Vassar always seems like a place that brings different fields together or highlights the diversity within a certain field. As a college that began as a women’s college, Vassar always seemed like a place that welcomed intellectual exploration in different fields regardless of what the social norms and expectations are for people. This week I had the privilege of listening to Hope Jahren, a woman who studies plants, while she shared some of how she came to be in her field as well as some of the aspects of her studies that she loves. There were a few themes that I’m sure reflected the dynamic scope of her new book, Lab Girl. As a child, she loved to look at all of the lab equipment in her professor father’s labs, and from that point on she decided that she was going pursue being around these tools that she thought of as toys at the time. It wasn’t until she was older that she looked around and realized that she wasn’t necessarily supposed to be there. She was a woman who decided to pursue what she enjoyed and didn’t think too much about the barriers that she was breaking along the way. Her presentation went beyond the study of plants and into how her research and the plants themselves have been so important for humanity. Those of us who are familiar with some basic biology know that plants are important for creating stable ecosystems, but rarely does one think about the other ways plants are ingrained in humanity.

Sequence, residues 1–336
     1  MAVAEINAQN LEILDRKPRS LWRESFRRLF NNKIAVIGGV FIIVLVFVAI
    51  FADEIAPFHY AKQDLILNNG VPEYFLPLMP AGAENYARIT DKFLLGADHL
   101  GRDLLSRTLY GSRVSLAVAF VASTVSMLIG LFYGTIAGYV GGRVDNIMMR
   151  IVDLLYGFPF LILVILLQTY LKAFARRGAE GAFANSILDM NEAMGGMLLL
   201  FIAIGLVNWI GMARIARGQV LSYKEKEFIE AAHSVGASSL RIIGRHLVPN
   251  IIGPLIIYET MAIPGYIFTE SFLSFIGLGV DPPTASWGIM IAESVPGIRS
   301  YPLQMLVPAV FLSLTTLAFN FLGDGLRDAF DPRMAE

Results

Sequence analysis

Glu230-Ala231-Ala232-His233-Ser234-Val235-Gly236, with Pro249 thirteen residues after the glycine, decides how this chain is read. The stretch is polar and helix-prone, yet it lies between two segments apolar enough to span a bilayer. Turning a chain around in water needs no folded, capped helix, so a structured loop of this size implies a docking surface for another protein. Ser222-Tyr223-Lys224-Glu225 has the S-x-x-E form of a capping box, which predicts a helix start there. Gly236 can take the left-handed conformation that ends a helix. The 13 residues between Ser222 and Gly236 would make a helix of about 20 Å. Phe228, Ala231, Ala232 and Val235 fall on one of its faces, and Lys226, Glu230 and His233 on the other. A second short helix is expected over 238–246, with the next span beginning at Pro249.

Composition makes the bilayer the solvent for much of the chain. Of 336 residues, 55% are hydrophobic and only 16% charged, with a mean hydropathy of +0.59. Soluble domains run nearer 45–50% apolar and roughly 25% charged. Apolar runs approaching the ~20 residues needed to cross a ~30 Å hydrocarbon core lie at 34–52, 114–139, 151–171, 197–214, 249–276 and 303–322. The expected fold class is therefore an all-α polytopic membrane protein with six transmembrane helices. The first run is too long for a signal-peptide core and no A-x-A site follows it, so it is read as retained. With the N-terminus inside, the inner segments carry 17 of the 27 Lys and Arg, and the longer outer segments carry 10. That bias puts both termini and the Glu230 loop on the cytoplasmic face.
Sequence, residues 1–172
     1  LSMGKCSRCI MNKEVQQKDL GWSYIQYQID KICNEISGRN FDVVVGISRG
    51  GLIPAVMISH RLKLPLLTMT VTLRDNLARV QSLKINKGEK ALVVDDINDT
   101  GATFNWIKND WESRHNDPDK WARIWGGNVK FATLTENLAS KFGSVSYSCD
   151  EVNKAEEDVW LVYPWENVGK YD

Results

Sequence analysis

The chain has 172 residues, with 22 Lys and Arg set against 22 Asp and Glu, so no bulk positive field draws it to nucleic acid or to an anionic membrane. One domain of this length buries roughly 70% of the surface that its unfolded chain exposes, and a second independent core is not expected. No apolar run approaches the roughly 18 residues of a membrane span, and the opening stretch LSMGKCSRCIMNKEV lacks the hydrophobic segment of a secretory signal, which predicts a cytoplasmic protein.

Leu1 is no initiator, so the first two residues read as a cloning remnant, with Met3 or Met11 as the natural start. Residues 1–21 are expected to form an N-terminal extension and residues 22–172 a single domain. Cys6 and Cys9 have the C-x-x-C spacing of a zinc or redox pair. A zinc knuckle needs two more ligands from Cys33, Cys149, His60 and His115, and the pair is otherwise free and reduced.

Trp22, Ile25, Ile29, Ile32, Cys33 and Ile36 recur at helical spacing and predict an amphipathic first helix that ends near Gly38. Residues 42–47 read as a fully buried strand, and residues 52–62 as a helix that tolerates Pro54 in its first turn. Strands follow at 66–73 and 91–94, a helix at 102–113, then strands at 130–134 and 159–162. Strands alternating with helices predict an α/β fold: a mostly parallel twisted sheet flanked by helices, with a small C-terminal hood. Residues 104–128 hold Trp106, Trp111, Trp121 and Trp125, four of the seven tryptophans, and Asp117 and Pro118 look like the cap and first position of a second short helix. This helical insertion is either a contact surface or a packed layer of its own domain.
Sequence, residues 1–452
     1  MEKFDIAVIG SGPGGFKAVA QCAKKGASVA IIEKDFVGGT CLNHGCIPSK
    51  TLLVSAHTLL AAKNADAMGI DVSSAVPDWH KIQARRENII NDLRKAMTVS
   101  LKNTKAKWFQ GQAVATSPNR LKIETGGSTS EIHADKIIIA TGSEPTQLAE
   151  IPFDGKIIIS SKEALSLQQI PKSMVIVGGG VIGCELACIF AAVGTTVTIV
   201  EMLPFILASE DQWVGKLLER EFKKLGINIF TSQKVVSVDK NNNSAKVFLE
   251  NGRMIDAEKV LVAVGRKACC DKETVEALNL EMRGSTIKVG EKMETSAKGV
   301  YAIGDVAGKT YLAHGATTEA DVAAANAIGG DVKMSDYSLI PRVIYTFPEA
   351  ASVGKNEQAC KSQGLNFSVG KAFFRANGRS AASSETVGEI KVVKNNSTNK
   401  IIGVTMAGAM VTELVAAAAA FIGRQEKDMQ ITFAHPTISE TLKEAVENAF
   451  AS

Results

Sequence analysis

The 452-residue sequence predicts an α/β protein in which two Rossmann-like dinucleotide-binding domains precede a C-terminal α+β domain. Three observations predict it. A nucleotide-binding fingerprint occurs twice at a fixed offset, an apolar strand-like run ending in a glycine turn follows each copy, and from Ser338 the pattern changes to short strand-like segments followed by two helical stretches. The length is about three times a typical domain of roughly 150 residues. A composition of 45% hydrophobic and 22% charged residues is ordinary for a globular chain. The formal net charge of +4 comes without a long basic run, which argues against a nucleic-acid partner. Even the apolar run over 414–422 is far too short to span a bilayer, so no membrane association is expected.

On a basic level, plants make decisions based on their environments in a similar way to humans, such as moving in ways that aid their survival. Jahren proposes that perhaps plants aren’t so different than us, and maybe just experience time differently. In this way, plants are just as alive as people, despite all of the differences. Plants move, allocate resources, grow and reproduce, even if these things aren’t obvious to us with the naked eye. It’s interesting to think about the different planes of existence between humanity and plants, while sharing fundamental similarities that seem almost spiritual. Jahren pondered whether plants “view” us in a similar way to us viewing particles: moving extremely quickly in what seems like disorder. In a similar vein of thought, Jahren alluded to quotes from different holy books which use different images of plants to help understand the universe. Regardless of how one feels about the merit of each holy book, these pieces of literature seem to suggest that people have felt a connection between themselves and plants similar to the connection between themselves and the universe. These points made me realize that while all things in the universe are physically related to each other to different degrees, people recognized and sensed this connection well before the scientific evidence for it came to support those feelings. As someone who studies biology, I thought Jahren’s presentation was affirming in two main ways. The first being that within the field, more and more people are able to pursue their passion despite the fact that fields such as biology have been dominated by cis white men for centuries. The second may be even more personal, and that is that Jahren affirms that their is still wonder in the universe. Despite the immense fields of scientific study, their is still so much to be learned and that’s what’s most exciting for me as a science major. There is a sense of spirituality and wonder in making discoveries about our existence, leading to a better understanding of who we are and our place in the world.